Archaeology has long been exploited as a political tool. Hitler used artefacts and symbols to manufacture a narrative of Aryan racial superiority. Daesh (the self-proclaimed Islamic State of Iraq and the Levant) proves its zealotry by destroying evidence of ancient history. Underwater archaeology — the world of shipwrecks and sunken cities — has mostly avoided these kinds of machinations, though. Since no one lives beneath the sea, leaders haven’t found many opportunities for political gains from archaeological sites there.

That is, until now.

In the past few years, politicians in Canada, Russia and China have realised that they can use shipwrecks on the sea floor to project their sovereignty into new maritime territories. And this politicised abuse of science is putting the world on a path toward conflict.

For decades, global powers have been engaged in a race to exploit lucrative marine resources, from oil to fisheries to control of strategic waterways. But they have faced a challenge: How can a country claim new territory despite the restrictions of the United Nations Convention on the Law of the Sea? It turns out that “historical ties” to resource-rich regions can conveniently help to contravene international law.

Last year, Canada announced the discovery of H.M.S. Erebus, Sir John Franklin’s flagship, which disappeared during a Northwest Passage expedition in 1845. Stephen Harper, then the prime minister, personally announced the discovery. His government and its allies provided significant funding for the research. But Harper isn’t just a history buff; his interests are practical.

Global warming has made the Northwest Passage more accessible to shipping, which could be an economic windfall for Canada if the government is able to demonstrate sovereignty and charge other countries a transit fee. “Franklin’s ships are an important part of Canadian history given that his expeditions, which took place nearly 200 years ago, laid the foundations of Canada’s Arctic sovereignty,” Harper said.

China has been similarly aggressive. While the South China Sea has historically been shared between China and its neighbours, in the past year Beijing has begun building artificial islands to claim the sea as its own territorial waters. Archaeology laid the groundwork for this belligerence: Starting in 2007 China began archaeological excavations and opened several shipwreck museums, each costing tens of millions of dollars. In 2014, China’s government launched a $60 million archaeological research vessel to find shipwrecks in the South China Sea.

Archaeologists rewarded the investment by locating more than 120 shipwrecks inside the contested areas. China’s deputy minister of culture, Li Xiaojie, put it bluntly: “Marine archaeology is an exercise that demonstrates national sovereignty.”

Shared human past

Russia has followed suit. In 2011, when he was prime minister, Vladimir V. Putin made headlines by retrieving two ancient ceramic jars from a shipwreck at Phanagoria, the ancient Greek city that is 10 miles from Crimea. The media cast it as a publicity stunt, but alarm bells sounded within the archaeological community. Putin’s political allies had invested $3.5 billion in research at Phanagoria, a submerged harbour with Roman-era shipwrecks. And while Phanagoria was the site of Greek colonies, Russian nationalists have adopted its ancient kings as proto-Russians.

When Putin made his speech announcing that Russia had annexed Crimea in March 2014, he justified the move in part based on historical ties to the peninsula. “This is the location of ancient Khersones, where Prince Vladimir was baptised,” he said. The annexation added tens of thousands of square miles to Russia’s Black Sea maritime zone. And this summer a Russian expedition began a major underwater archaeology survey off Crimea’s Sevastopol, a region rich in oil and gas.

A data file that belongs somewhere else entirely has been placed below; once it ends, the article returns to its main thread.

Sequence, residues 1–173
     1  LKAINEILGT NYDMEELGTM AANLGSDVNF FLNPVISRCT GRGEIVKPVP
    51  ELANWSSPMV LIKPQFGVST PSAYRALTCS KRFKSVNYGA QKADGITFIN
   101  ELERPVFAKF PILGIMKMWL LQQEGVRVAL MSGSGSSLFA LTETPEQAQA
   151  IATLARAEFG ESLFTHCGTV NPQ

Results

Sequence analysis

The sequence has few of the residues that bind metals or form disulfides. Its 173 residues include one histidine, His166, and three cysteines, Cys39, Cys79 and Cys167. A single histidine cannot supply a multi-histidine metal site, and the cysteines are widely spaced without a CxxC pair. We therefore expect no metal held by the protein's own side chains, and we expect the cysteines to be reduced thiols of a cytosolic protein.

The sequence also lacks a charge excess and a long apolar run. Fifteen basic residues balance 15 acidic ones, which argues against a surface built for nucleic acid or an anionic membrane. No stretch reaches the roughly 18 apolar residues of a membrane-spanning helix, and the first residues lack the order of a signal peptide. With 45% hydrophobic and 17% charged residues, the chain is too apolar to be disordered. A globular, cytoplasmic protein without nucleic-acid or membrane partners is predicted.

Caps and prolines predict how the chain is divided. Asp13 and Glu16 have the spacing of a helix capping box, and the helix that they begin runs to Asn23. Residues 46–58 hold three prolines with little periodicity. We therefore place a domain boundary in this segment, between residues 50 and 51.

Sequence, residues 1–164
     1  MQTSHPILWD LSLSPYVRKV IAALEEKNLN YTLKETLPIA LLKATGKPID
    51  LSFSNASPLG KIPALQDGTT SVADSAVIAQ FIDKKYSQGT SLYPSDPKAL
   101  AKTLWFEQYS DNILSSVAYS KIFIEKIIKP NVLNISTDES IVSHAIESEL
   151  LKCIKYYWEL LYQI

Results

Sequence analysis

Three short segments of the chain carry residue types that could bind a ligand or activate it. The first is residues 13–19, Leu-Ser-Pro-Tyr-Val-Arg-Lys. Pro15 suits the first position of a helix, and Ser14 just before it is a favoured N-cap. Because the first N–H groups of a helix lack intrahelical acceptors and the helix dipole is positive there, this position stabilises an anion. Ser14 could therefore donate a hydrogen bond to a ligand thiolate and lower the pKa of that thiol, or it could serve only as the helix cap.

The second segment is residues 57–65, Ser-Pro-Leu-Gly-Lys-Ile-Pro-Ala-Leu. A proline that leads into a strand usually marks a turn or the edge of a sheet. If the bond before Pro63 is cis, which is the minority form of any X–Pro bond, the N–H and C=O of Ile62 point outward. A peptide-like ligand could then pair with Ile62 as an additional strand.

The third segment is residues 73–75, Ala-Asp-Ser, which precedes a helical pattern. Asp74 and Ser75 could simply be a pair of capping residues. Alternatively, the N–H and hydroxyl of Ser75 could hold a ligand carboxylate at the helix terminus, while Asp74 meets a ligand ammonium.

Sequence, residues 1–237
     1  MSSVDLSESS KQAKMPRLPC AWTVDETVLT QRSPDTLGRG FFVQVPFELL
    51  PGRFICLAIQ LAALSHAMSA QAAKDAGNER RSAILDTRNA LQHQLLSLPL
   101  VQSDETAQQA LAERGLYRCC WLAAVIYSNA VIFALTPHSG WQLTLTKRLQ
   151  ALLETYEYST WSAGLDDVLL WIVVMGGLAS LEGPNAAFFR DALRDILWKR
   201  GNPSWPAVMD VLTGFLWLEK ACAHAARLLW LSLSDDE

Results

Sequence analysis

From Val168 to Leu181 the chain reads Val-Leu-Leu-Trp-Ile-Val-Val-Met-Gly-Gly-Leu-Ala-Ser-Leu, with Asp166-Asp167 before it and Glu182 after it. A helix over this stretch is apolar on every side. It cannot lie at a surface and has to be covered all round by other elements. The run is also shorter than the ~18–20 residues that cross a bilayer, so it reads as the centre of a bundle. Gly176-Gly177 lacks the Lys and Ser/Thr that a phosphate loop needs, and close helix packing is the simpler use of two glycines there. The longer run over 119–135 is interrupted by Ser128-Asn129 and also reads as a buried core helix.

For politicians, natural resources are the ends and shipwrecks are the means. But archaeology rarely fits simple narratives. In fact, archaeology often demonstrates our shared human past. Until 10,000 years ago, the disputed regions in the South China Sea were dry land. Taiwanese archaeologists have located submerged Stone Age remains there that point to a common ancestry of all the region’s inhabitants. Native peoples traversed the Northwest Passage for thousands of years before Sir John Franklin arrived. In his annexation speech, Putin cited Vladimir the Great, the 10th-century Viking conqueror and adopted progenitor of Russian identity, but the president neglected to mention that Vladimir the Great ruled from Kiev, in modern-day Ukraine.

Archaeologists accept government funding because the world’s cultural resources are disappearing as a result of looting and treasure hunting. But archaeology in the service of nationalism results in bad science. What happens when China discovers ancient Vietnamese ships in the South China Sea?

And in Canada we already have a troubling example: Against accepted preservation practices, Canada gave permission for the removal of the wreck of the explorer Roald Amundsen’s ship Maud to Norway, quietly eliminating a politically messy reminder that a Norwegian was the first Westerner to successfully navigate the Northwest Passage.

The underwater discoveries in Phanagoria, the South China Sea and the Northwest Passage are important scientific discoveries. The problem is not with the archaeologists conducting quality research, but with the politicians spinning evidence to suit their desires. The reality is that these are overt land grabs using manufactured historical claims. Citizens around the world would be wise to tell politicians to stop abusing the past for present-day ambitions.

Peter B. Campbell is a maritime archaeologist and the archaeological director of the Albanian Centre for Marine Research.